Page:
>>> dictionary of these "defined at runtime" keys.
    >>
    >> That seems "nice" enough to me.  The trick is that the custom class has to be
    >> sure to only modify the properties via KVC on itself, not the dictionary, in
    >> order to maintain KVO compliance.  Another way to put it is that only
    >> -setValue:forUndefinedKey: should ever mutate the dictionary (and it should
    >> only be invoked by the KVC machinery itself).
    >
    > Will that work right if I have an NSTableView and one of the columns has a
    > binding to "myCustomProperty" (which is not defined in the object model)...
    > Will it get sent:
    >
    > [someObject setValue:someValue forUndefinedKey:myCustomProperty]
    >
    > Rather than:
    >
    > [someObject setMyCustomProperty:someValue];

    Bindings use KVC.  They will do:

    [someObject setValue:someValue forKey:@"myCustomProperty"];

    The KVC machinery is what will eventually call [someObject setValue:someValue forUndefinedKey:@"myCustomProperty"] for the dynamic properties.  (For the predefined properties, it will invoke your setter methods.)

    > On disk the data will be stored in a plist and an array of NSDictionaryies
    > (some of the key will be required and predefind) but some will be user
    > defined.
    >
    > When I load the data from disk if I use dictionary obejects, I don't have to
    > do anything else but if I use custom objects I would have to create them and
    > send
    >
    > [someObject setValue:someValue forUndefinedKey:myCustomProperty]
    >
    > To each object.
    >
    > Right?

    You can use -setValuesForKeysWithDictionary: to set all of the properties of your object from a dictionary.  That uses KVC on each key-value pair, so it works like I described above for bindings.

    That said, you should consider doing proper keyed archiving of your class.  Don't forget the limits of property lists.

    Regards,
    Ken
  • On 17/05/2013, at 3:43 PM, Trygve Inda <cocoadev...> wrote:

    > But for the objects I don't see a nice way to do this
    >
    > There is setValue:forUndefinedKey: and then each object could keep a local
    > dictionary of these "defined at runtime" keys.

    There are low-level runtime methods that allow you to add properties at runtime. I'm not sure whether that's considered good practice, but it's doable.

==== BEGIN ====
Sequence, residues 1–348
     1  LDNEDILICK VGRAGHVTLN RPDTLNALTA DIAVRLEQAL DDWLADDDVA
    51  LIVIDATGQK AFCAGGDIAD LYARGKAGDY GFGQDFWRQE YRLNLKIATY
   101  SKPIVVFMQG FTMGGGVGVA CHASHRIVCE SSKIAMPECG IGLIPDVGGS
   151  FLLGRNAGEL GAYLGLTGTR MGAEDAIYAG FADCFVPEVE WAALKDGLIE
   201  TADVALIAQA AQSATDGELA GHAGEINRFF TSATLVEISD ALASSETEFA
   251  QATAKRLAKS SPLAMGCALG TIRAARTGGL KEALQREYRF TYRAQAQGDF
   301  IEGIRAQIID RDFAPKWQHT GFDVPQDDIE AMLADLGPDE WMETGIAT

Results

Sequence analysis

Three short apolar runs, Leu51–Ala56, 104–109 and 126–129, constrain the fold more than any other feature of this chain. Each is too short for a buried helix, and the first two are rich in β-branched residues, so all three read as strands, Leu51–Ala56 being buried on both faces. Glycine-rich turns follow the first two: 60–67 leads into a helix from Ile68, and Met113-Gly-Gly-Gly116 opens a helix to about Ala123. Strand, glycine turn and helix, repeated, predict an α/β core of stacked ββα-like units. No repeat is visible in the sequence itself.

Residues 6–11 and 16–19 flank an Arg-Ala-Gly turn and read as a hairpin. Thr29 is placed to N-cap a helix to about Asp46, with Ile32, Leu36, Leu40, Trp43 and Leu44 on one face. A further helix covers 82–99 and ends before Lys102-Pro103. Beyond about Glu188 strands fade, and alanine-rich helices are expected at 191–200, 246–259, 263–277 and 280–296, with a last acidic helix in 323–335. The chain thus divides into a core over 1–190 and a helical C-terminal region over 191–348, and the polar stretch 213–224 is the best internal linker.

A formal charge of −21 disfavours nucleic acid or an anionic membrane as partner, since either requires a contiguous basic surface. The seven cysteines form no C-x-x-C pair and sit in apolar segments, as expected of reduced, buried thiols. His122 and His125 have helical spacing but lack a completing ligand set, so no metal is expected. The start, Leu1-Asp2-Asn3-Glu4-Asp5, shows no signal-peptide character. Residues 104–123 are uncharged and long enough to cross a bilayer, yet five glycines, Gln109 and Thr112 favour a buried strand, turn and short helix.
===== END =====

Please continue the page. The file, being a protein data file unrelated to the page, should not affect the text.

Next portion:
Otherwise your approach seems fine.

    --Graham
  • > On May 17, 2013, at 1:18 AM, Trygve Inda wrote:
    >
    >>> On May 17, 2013, at 12:43 AM, Trygve Inda wrote:
    >>>
    >>>> The trouble comes in the fact that I need to be able to add properties at
    >>>> runtime. For the dictionary option, it is easy - just make sure the key
    >>>> names don't collide and I can add more keys to each dictionary.
    >>>>
    >>>> But for the objects I don't see a nice way to do this
    >>>>
    >>>> There is setValue:forUndefinedKey: and then each object could keep a local
    >>>> dictionary of these "defined at runtime" keys.
    >>>
    >>> That seems "nice" enough to me.  The trick is that the custom class has to
    >>> be
    >>> sure to only modify the properties via KVC on itself, not the dictionary, in
    >>> order to maintain KVO compliance.  Another way to put it is that only
    >>> -setValue:forUndefinedKey: should ever mutate the dictionary (and it should
    >>> only be invoked by the KVC machinery itself).
    >>
    >> Will that work right if I have an NSTableView and one of the columns has a
    >> binding to "myCustomProperty" (which is not defined in the object model)...
    >> Will it get sent:
    >>
    >> [someObject setValue:someValue forUndefinedKey:myCustomProperty]
    >>
    >> Rather than:
    >>
    >> [someObject setMyCustomProperty:someValue];
    >
    > Bindings use KVC.  They will do:
    >
    > [someObject setValue:someValue forKey:@"myCustomProperty"];
    >
    > The KVC machinery is what will eventually call [someObject setValue:someValue
    > forUndefinedKey:@"myCustomProperty"] for the dynamic properties.  (For the
    > predefined properties, it will invoke your setter methods.)
    >
    >
    >> On disk the data will be stored in a plist and an array of NSDictionaryies
    >> (some of the key will be required and predefind) but some will be user
    >> defined.
    >>
    >> When I load the data from disk if I use dictionary obejects, I don't have to
    >> do anything else but if I use custom objects I would have to create them and
    >> send
    >>
    >> [someObject setValue:someValue forUndefinedKey:myCustomProperty]
    >>
    >> To each object.
    >>
    >> Right?
    >
    > You can use -setValuesForKeysWithDictionary: to set all of the properties of
    > your object from a dictionary.  That uses KVC on each key-value pair, so it
    > works like I described above for bindings.
    >
    > That said, you should consider doing proper keyed archiving of your class.
    > Don't forget the limits of property lists.
    >
    > Regards,
    > Ken
    >
    >

    So do my user-added properties (that I will store in a dictionary owned by
    my custom-class object) have to begin with a lowercase letter to have the
    KVC perform correctly?

    E.g myCustomField vs MyCustomField?

    Of course with the direct dictionary method it would not matter.

    Thanks
  • If you go the dictionary route a simple category on NSDictionary would allow you to compute dynamic properties such as area = length * width.

    Sandor Szatmari

    On May 17, 2013, at 1:43, Trygve Inda <cocoadev...> wrote:

    > I need to keep a small (few thousand) record database of sorts. Each record
    > has some pre-detertermined fields, but the user can add there own fields to
    > to a limited extent. It is a pretty light use so CoreData isn't what I
    > really want, plus migrating to future structures is an issue with CoreData.
    >
    > This will be simple objects in an NSMutableArray.
    >
    > I can use an array of NSMutableDictionaries or perhaps an array of
    > class-based custom cocoa objects.
    >
    > One nice thing about the object route is that I can have some fields
    > (properties) be based on a calculation rather than real storage like they'd
    > be in an NSMutableDictionary.
    >
    > E.g.
    >
    > NSNumber length
    > NSNumber width